The Children’s Museum, as well as entertainment outlets for families like Sky Zone, have regularly scheduled times for children with special needs to visit. The Byrd Theatre in Carytown shows a sensory-friendly movie once a month for children and adults with autism and other special needs. Virginia Rep recently launched a program to offer sensory-friendly performances for children with autism and other sensory, social, or learning disabilities. In addition, athletic leagues like River City Buddy Ball, Upward Sports (through local churches), and TOPSoccer, a Richmond Kickers program, offer opportunities for kids to engage with others who have special needs and with kids who don’t.
An activity that is as fun as sports, and also involves teamwork and opportunities for socializing, is dance. Kim Moncrief has degrees in dance and psychology. She traveled and danced competitively with a company and taught many students locally. When she found out that her son, Logan, had Down syndrome, one of her pupils suggested she start a dance class for children with special needs. The initial venture was so successful, Kim launched Miracles in Motion, a dance troupe for kids with special needs. Today, she has so many volunteers, she can give almost one-on-one assistance to each participant.
Through Miracles in Motion, Kim provides ballet, tap, and exercise classes, and of course, stage performances for the community to enjoy. “People are surprised at how good the kids are and that they are all moving in the right direction, jumping, and turning,” said Moncrief. “It’s great to help educate the community and show that if you just give these kids a chance and a little time, they can do it.” Kim adds that the kids love the interaction of the dance performances, and working together to get it right. She says they build friendships naturally, and these relationships spill over into their personal lives.
While having a great place to meet people is key, if a child is lacking a basic understanding of social interaction and has few social skills, it can be much harder, if not impossible for them to make friends. Some issues, like those present for children with disorders on the autism spectrum, present a very different set of challenges. The good news is, social skills can be learned.
In Richmond, there are a number of programs that have been created to provide social training and experiences for children with developmental problems including autism and other disorders that affect social understanding and interaction.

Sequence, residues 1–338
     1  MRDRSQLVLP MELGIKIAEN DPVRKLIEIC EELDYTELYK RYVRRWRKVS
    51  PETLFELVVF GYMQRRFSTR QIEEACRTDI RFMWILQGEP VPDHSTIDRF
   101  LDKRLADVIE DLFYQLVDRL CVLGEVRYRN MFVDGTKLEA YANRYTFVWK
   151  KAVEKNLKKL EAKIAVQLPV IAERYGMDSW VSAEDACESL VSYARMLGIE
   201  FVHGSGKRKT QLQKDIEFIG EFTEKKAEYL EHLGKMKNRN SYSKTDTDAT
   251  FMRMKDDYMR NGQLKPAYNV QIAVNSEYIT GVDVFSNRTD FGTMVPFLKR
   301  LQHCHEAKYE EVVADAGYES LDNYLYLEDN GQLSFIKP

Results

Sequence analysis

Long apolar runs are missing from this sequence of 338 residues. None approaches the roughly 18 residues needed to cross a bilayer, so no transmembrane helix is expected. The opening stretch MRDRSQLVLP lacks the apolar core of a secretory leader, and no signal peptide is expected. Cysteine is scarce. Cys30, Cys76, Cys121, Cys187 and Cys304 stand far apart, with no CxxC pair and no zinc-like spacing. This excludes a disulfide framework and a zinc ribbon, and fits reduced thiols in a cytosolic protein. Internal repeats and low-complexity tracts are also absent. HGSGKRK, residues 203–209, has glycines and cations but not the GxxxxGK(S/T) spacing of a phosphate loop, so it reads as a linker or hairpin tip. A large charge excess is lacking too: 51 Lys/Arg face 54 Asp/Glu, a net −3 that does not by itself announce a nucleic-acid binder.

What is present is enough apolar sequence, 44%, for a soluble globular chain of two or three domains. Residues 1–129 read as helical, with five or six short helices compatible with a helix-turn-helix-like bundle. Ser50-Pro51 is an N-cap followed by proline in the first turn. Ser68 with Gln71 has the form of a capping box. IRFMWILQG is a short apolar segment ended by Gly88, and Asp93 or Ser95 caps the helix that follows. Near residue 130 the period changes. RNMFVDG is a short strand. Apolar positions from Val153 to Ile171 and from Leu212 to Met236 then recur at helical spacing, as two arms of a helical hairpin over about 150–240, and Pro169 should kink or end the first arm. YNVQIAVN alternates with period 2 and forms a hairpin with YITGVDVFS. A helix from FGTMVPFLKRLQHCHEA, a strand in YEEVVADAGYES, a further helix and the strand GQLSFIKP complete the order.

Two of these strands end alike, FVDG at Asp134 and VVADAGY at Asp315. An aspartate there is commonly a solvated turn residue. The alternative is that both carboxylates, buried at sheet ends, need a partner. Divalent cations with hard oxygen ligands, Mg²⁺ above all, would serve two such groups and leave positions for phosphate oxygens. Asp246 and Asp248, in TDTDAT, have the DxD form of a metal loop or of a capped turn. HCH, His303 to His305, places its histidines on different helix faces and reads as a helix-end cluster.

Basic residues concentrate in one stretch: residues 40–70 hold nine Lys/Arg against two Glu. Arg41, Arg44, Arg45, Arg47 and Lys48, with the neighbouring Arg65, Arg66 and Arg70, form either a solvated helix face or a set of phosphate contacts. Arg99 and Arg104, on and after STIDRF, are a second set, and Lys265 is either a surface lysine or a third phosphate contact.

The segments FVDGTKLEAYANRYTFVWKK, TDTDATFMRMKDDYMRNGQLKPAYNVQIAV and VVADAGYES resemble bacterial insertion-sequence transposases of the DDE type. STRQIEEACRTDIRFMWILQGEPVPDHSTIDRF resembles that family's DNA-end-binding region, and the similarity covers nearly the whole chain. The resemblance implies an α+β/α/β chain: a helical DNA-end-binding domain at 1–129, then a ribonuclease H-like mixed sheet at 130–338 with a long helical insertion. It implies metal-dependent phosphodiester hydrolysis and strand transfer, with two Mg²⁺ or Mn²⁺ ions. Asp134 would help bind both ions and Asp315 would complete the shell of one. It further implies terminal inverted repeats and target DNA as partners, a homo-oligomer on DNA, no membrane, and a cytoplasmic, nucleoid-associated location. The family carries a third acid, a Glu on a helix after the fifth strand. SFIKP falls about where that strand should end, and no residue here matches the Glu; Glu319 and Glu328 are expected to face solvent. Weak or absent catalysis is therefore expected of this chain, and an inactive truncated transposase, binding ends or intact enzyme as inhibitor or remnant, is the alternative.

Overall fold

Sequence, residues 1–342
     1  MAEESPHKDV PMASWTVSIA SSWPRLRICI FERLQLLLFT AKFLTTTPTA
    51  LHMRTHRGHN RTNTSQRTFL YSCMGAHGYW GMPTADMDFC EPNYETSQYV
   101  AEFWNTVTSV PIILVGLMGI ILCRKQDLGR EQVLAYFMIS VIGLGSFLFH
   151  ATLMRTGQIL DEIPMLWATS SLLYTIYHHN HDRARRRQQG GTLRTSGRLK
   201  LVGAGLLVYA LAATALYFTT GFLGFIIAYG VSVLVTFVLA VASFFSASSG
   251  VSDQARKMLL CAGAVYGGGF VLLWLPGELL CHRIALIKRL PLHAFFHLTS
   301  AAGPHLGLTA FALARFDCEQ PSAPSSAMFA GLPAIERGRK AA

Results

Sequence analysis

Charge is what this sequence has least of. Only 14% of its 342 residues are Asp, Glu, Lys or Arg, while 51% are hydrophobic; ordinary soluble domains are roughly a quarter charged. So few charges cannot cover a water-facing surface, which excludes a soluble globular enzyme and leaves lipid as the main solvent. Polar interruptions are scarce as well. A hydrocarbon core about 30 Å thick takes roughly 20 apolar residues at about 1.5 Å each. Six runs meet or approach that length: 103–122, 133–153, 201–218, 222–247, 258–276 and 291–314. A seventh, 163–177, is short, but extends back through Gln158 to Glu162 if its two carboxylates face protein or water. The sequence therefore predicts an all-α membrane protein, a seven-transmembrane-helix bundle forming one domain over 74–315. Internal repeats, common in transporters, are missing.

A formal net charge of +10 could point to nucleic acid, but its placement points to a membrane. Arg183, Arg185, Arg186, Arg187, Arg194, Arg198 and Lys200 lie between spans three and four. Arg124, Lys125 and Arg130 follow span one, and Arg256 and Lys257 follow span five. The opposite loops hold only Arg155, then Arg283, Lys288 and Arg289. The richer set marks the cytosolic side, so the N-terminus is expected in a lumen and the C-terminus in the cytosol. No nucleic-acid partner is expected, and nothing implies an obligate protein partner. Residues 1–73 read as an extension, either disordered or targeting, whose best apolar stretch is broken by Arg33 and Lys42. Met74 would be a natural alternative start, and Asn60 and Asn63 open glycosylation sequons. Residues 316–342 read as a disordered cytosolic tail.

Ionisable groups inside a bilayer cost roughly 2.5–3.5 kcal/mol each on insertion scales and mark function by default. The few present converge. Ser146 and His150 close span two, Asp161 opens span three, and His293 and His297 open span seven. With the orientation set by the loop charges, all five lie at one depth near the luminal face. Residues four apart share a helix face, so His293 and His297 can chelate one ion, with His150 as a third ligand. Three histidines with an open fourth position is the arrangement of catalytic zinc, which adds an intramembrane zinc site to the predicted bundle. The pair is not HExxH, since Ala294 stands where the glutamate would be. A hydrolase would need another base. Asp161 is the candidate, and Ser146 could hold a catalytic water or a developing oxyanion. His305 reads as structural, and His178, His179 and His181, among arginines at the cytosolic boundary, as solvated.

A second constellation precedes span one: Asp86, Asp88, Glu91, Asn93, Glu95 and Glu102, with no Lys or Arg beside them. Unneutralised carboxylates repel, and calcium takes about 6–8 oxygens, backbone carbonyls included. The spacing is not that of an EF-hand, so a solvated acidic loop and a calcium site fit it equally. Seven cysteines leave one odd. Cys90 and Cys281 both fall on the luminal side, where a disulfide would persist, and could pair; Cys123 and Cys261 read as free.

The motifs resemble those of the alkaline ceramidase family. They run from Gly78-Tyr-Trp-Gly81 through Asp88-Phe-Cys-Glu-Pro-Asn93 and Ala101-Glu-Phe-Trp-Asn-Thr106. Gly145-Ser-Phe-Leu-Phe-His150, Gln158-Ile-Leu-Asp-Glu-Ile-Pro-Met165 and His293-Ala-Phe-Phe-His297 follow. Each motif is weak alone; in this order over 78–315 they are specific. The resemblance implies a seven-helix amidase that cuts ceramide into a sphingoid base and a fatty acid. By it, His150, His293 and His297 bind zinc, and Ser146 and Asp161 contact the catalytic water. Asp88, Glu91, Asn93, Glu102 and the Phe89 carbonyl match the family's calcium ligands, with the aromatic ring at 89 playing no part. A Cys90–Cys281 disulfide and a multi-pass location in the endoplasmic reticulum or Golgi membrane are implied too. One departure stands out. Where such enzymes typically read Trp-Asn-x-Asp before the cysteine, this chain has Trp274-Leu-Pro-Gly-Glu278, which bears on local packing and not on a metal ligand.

Allison Anderson, whose son Asher participates in Friendations, raves about her son’s experience there. Asher is five years old and has two diagnoses: sensory integration disorder and mood disorder. Together these issues make it difficult for him to understand social cues and build friendships. At the age of three, Asher was struggling with preschool. The frustrations of social interactions led to increased problems with the mood disorder.
“Asher does not read social cues. He wasn’t aware of invading other children’s space,” says Allison, who added that her son is sensory seeking and would get too close to people. He received behavioral modification in his home, then had a mentor from Friendations shadow him in school. “Friendations made all the difference. There is no way Asher would be in kindergarten today without them. We attend group activities at Friendations where they work on social topics like friend making and keeping.”
These are just some of the many places, ventures, and opportunities in Richmond where kids living with physical, mental, and emotional challenges can play, learn, and build friendships that can last for years. So whatever your child’s needs, if you look around, ask others, and think creatively, you will find many ways to help your child widen his world and foster the relationships he or she needs.
Pearce, a Richmond expert in parenting education for twenty-two years, offers this insight for families: “It’s important to step out of your comfort zone. Yes, people may look at your child and may ask questions, but the more you are open to new experiences, the more your child will learn about his world and have new opportunities to build relationships.”
Eight Strategies to Help Your Child Build a Social Life:
1) What are the barriers to his social life? Physical, personality, proximity, available resources. Ask yourself, how can these barriers be reduced or removed?
2) It’s not a bad idea to be a matchmaker. Look for kids who have similar challenges and those who don’t.
3) Everyone is good at something and everyone likes a winner. Where are your child’s skills or talents? Is she good at physical activities, building things, video games, board games? Does he love animals, horses, chess, word games, music? Foster excellence in that arena. Let him be a star.
4) Whatever groups they join or start, encourage them to stick it out! It’s easy to give up when there are barriers, but pure persistence can overcome many obstacles.
5) If your child has a compassionate teacher, ask for help. Ask the teacher to help you identify his strengths, ask her to give him opportunities to shine, and ask if there are other kids in his class who need a friend. See if she can pair the kids up in some activity in the school.
6) Encourage your child to find someone who needs her. While most kids gravitate to the popular, outgoing kids, there are always kids who are having just as difficult a time socially as yours and are in need of a friend.
7) Who is in your neighborhood? Who’s at the bus stop? Location is a key element in relationship development. Find kids that live near you and invite them over to play.
8) Part-time jobs or volunteering lead to work experience, new skills, and new friends.